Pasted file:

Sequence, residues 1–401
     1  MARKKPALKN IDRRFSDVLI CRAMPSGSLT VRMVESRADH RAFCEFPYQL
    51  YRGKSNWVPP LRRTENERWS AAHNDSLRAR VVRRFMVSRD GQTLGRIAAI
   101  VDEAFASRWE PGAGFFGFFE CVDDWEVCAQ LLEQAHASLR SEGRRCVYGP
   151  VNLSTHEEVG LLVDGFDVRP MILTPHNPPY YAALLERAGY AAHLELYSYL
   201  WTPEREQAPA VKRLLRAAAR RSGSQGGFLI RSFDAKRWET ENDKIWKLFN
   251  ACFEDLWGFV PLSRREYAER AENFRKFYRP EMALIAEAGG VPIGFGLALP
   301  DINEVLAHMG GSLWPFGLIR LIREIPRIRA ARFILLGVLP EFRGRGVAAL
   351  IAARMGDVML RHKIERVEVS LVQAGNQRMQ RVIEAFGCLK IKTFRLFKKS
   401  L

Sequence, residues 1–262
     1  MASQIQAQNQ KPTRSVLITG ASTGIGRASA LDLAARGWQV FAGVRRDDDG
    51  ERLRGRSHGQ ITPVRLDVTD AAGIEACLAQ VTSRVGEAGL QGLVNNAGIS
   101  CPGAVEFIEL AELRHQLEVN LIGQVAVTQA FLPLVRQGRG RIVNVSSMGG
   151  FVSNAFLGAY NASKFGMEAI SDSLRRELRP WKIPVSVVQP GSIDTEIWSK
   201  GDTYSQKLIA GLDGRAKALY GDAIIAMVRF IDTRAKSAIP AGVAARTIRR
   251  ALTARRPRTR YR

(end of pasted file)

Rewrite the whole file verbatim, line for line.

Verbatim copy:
Sequence, residues 1–401
     1  MARKKPALKN IDRRFSDVLI CRAMPSGSLT VRMVESRADH RAFCEFPYQL
    51  YRGKSNWVPP LRRTENERWS AAHNDSLRAR VVRRFMVSRD GQTLGRIAAI
   101  VDEAFASRWE PGAGFFGFFE CVDDWEVCAQ LLEQAHASLR SEGRRCVYGP
   151  VNLSTHEEVG LLVDGFDVRP MILTPHNPPY YAALLERAGY AAHLELYSYL
   201  WTPEREQAPA VKRLLRAAAR RSGSQGGFLI RSFDAKRWET ENDKIWKLFN
   251  ACFEDLWGFV PLSRREYAER AENFRKFYRP EMALIAEAGG VPIGFGLALP
   301  DINEVLAHMG GSLWPFGLIR LIREIPRIRA ARFILLGVLP EFRGRGVAAL
   351  IAARMGDVML RHKIERVEVS LVQAGNQRMQ RVIEAFGCLK IKTFRLFKKS
   401  L

Sequence, residues 1–262
     1  MASQIQAQNQ KPTRSVLITG ASTGIGRASA LDLAARGWQV FAGVRRDDDG
    51  ERLRGRSHGQ ITPVRLDVTD AAGIEACLAQ VTSRVGEAGL QGLVNNAGIS
   101  CPGAVEFIEL AELRHQLEVN LIGQVAVTQA FLPLVRQGRG RIVNVSSMGG
   151  FVSNAFLGAY NASKFGMEAI SDSLRRELRP WKIPVSVVQP GSIDTEIWSK
   201  GDTYSQKLIA GLDGRAKALY GDAIIAMVRF IDTRAKSAIP AGVAARTIRR
   251  ALTARRPRTR YR